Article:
Foot Locker reports 3Q, offers cash dividend
Foot Locker’s (NYSE: FL) net income increased 15 percent to $0.47 per share, or $74 million, from $0.41 per share, or $62 million last year. Sales increased 14.4 percent to $1.37 billion this year compared with sales of $1.19 billion last year. Comparable-store sales increased 1.2 percent. It opened 21 new stores and closed 24 stores during the latest quarter, ending with 3,955 stores. Foot Locker’s board of directors also announced a quarterly cash dividend on its common stock of $0.075 per share, which will be payable on Jan. 28, 2005, to shareholders of record on Jan. 14, 2004. This dividend represents a 25 percent increase and is equivalent to an annualized rate of $0.30 per share. In other news, Alan D. Feldman, president and CEO of Midas Inc., was elected to the Foot Locker’s board of directors, effective Feb. 1, 2005.
Hibbett same-store sales rose 5.4 percent
Revenue for retailer Hibbett Sporting Goods (NasdaqNM: HIBB) rose 17.5 percent to $92.1 million in the third quarter based on high sales in footwear and team equipment. Last year’s revenue was $78.4 million. Its earnings rose to $6.3 million, or 26 cents per share, in the three months ended Oct. 30, 2004, from $5.4 million, or 23 cents per share, a year ago. Same-store sales rose 5.4 percent from a year ago. During the quarter Hibbett opened 21 stores and closed two, to end the period with 468 stores. In August, the board authorized the repurchase of up to $30 million of its common stock. On Nov. 18, the board increased this maximum authorization to $40 million. During the third quarter, it repurchased 365,400 shares for a total expenditure of approximately $7.2 million.
Nike’s Knight to step down as CEO
Nike (NYSE: NKE) co-founder Phil Knight announced he is stepping down as the company’s president and CEO on Dec. 28, but will remain chairman. He did not give a reason for relinquishing the titles. He will be succeeded by William D. Perez, who has been president and CEO of $6.5 billion S.C. Johnson & Son Inc. since 1996. He has worked for the privately-held consumer products company for 34 years. Perez will have a base salary of $1.35 million annually, with bonuses of up to 125 percent of his salary. He said he would stay true to Knight’s vision. Knight still owns 72 million — about 28 percent — of the voting shares of Nike Class B stock, worth about $6.12 billion. He also holds 92 percent of the nonvoting Class A stock, according to SEC filings. A former University of Oregon track star, Knight founded Blue Ribbon Sports, Inc., with Bill Bowerman in 1968. Knight’s first shoes, which he sold out of the trunk of his car, had soles made on Bowerman’s waffle iron. The company was renamed Nike in 1972. Although shares of Nike dropped $2.50 to close at $82.50 Friday on the New York Stock Exchange, analysts said the move did not come as a complete surprise. In other company news, Nike’s board declared a quarterly cash dividend of $0.25 per share on the its outstanding Class A and Class B Common Stock, citing confidence in its cash flow and growth prospects. Payable Jan. 3, 2005, to shareholders of record Dec. 13, 2004, it is a 25 percent increase over the previous quarterly rate of $0.20 per share.
Sears and Kmart merge in $11.5 billion deal
In a surprising move last week, struggling retailers Sears Roebuck & Co. (NYSE: S) and Kmart Holding Corp. (NasdaqNM: KMRT) agreed to merge in an $11.5 billion deal to create the nation’s third largest retailer. The combined company will be anointed Sears Holding Corp., and will have $55 billion in annual revenues, 2,350 full-line and off-mall stores, and 1,100 specialty retail stores. Kmart shareholders will own 55 percent of the new company after it exchanges each of its shares for one share of Sears Holding. Sears Roebuck shareholders will own the remaining 45 percent and will have the right to elect $50 per share in cash or 0.5 shares of Sears Holding. Edward Lampert has been named the new chairman of Sears Holding. Lampert was the fund manager at ESL Investments which took Kmart out of bankruptcy last year. Alan J. Lacy, current chairman and CEO of Sears, and Aylwin B. Lewis, current president and CEO of Kmart, will be part of the chairman’s office. Lacy will be vice chairman and CEO of Sears Holdings. The merger, which is expected to close by the end of March 2005, is subject to approval by shareholders of Kmart and Sears.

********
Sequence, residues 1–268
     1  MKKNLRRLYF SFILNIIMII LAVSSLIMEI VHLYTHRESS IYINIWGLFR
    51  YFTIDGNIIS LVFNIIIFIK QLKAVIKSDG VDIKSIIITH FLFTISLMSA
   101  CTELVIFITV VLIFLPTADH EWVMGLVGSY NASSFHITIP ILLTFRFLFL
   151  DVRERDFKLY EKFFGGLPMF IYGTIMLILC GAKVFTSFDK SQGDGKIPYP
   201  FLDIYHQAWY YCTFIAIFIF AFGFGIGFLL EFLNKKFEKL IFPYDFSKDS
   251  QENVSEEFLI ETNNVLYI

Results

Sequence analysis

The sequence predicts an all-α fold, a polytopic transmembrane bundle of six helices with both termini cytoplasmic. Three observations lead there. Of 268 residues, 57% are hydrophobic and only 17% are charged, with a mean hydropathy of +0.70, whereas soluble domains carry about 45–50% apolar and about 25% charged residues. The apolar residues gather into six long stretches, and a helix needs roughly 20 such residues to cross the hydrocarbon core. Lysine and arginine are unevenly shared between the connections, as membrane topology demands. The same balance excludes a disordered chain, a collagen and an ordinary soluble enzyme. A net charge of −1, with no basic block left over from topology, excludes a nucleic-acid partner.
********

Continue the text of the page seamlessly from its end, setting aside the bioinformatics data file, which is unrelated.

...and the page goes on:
G.I. Joe’s completes $11.5 million investment agreement
With 22 stores in Oregon and Washington, G.I. Joe’s has completed an $11.5 million investment agreement with Nogales Investors, a private equity firm in Los Angeles. The retailer said the majority of the financing will cover expansion in the Northwest, and the rest of the funds will be used to redeem preferred stock from a group of original investors. Nogales Investors seeks investments ranging from $5 million to $20 million in small- to medium-sized businesses across the United States, typically in growing low-tech industries. To diversify its marketing and distribution, the retailer recently partnered with The Nautilus Group to develop a fitness department in all of its stores. As of early November, G.I. Joe’s has been carrying five SKUs of strength and cardio equipment — Schwinn and Bowflex-branded stationary bikes, treadmills and home gyms.
Wal-Mart sales increase 9.7 percent
For the quarter ended Oct. 31, 2004, Wal-Mart Stores (NYSE: WMT) net sales were $68.5 billion, an increase of 9.7 percent over the third quarter of fiscal 2004.Â Income from continuing operations for the quarter was $2.3 billion, an increase of 12.7 percent from $2.0 billion in the third quarter of fiscal 2004.Â Diluted earnings per share from continuing operations were $0.54, up from $0.46 per share in the same prior year quarter. Net sales for the Wal-Mart division were $45.888 billion up 8.3 percent from last year’s $42.386 billion. Total U.S. comparable sales for the quarter increased 1.7 percent, with the Wal-Mart division representing a 1.3 percent comp increase.